UCR’s Associated Students serve several purposes, the most important being their representation of students from each distinct college within the university. While in theory this should be an opportunity for students to gain knowledge about local politics and, ultimately, an appreciation for civic duty, ASUCR has often fallen short of this ideal.

While no government or bureaucratic system is perfect, they are vital to the functioning of a society. It can be easy to dismiss a college’s student government, but it is important to keep in mind that they do have a level of authority relevant to students, whose fees can be increased, for example, and as such should be examined seriously and held accountable for their decisions. ASUCR’s members get paid more than any other UC student body government, but it is incredibly difficult to justify that salary given their general lack of efficacy.

ASUCR has done good things for students in the past, including adding solar charging booths, hosting a women’s march and helping to pass referenda like the Highlander Student Empowerment Referendum and the Highlander Abroad Referendum. However, the organization has also faced many difficulties over this past year, including a lack of student engagement and transparency as well as some less than ethical behavior.

Transparency is a major issue, having been brought up by students several times during recent meetings. Notices for meetings and legislation are rarely given 48 hours advance, and are, in fact, sporadic at best. This lack of adherence to the bylaws was subsequently dismissed by the judicial council when they sided with current Executive Vice President Andrea Cuevas on a variety of issues, including the firing of Parliamentarian Jose Rodriguez and the lack of 48-hour notice for meetings. These actions are not the problem, but they are a symptom —  the true problems lie in the vagueness of the bylaws and an insular mindset whereby members of an organization fail to protect the students they’ve promised to represent and instead opt to protect their own colleagues.

Student engagement is another issue for ASUCR. The past two years’ elections have been riddled with problems, the most notable of which being a lack of participation in voting among students. There are many factors at play with regard to this particular issue, as outreach efforts could be lacking, accessibility to information about candidates and referenda has been difficult and student apathy towards community engagement might be lacking no matter how visible the elections are. Aside from the lack of turnout, vote counting problems and elections code violations have also resulted in difficulties which, it could be argued, were mostly fumbled by all of the branches of ASUCR.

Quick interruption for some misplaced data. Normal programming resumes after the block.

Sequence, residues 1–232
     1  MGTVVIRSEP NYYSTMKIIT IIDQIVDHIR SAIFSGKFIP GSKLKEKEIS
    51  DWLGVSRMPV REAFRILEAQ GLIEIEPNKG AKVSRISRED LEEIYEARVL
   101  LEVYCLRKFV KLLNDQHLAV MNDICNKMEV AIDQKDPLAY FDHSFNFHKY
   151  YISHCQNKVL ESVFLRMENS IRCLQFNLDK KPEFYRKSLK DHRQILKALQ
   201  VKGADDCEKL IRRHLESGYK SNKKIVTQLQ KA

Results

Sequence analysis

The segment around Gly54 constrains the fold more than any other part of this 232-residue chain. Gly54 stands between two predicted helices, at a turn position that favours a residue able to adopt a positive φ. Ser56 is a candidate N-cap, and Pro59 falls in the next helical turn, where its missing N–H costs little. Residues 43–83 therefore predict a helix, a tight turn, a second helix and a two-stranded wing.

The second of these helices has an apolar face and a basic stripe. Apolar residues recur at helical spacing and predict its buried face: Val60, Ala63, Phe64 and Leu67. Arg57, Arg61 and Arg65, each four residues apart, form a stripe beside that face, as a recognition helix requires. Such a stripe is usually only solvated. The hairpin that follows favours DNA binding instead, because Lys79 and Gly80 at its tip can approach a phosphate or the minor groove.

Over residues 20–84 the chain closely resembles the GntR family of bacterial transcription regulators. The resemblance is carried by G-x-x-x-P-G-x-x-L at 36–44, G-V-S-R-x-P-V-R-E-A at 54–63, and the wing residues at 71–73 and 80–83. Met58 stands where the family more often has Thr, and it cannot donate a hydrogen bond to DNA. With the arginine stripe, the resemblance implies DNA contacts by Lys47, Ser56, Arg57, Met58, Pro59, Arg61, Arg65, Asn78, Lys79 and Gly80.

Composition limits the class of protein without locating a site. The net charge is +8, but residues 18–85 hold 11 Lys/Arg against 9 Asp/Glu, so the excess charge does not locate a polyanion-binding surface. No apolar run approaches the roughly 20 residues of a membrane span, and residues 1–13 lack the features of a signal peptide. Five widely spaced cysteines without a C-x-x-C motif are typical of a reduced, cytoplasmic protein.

The fact that senators must pass three pieces of legislation per quarter incentivizes a kind of race to the bottom where senators have the option to pass arbitrary bills and so do not feel pressured to engage further. Recently the student government was called out for not visiting Costo Hall, suggesting a lack of attention to the needs of the communities residing there. Even after President Semi Cole asked that everyone stand and pledge to make an effort to meet with said communities, only one senator made the effort to visit the Middle Eastern Student Center.

This being said, when judging ASUCR’s members it is important to consider the fact that they themselves are busy students with other obligations, and as most students are quick to say, college life is stressful. It is unreasonable to expect the student body government, or any government for that matter, to appease everybody all of the time. A balance must be struck between ASUCR’s capabilities and its individual members’ own capacities.

Although it can seem often appear as though ASUCR is largely self-interested rather than earnestly engaged with the students they represent, their power is limited in the grand scheme of things. Most if not all of the resolutions passed in the Senate are promises to take further action on a matter. The school administration has far more power to affect students’ lives and experiences, considering their oversight of drastic decisions.

This is not meant to smear ASUCR. They have accomplished goals that have bettered the lives of students on campus, and the organization continues to serve as an opportunity for students to gain a better understanding of the role of government in people’s lives. There have, however, undoubtedly been instances of oversight, negligence and corruption, and it is up to students to hold their representatives accountable. ASUCR needs to improve on communication, as most of the student body is completely unaware of their government and representatives.

Moving forward should ideally entail students being more proactive on campus. While there are significant issues with ASUCR, as there are likely issues with many student governments, it is imperative for students to vote, hold their elected officials accountable and stay abreast of the issues that may have an impact on them and their community.


  • The Editorial Board

    The Highlander editorials reflect the majority view of the Highlander Editorial Board. They do not necessarily reflect the opinions of the Associated Students of UCR or the University of California system.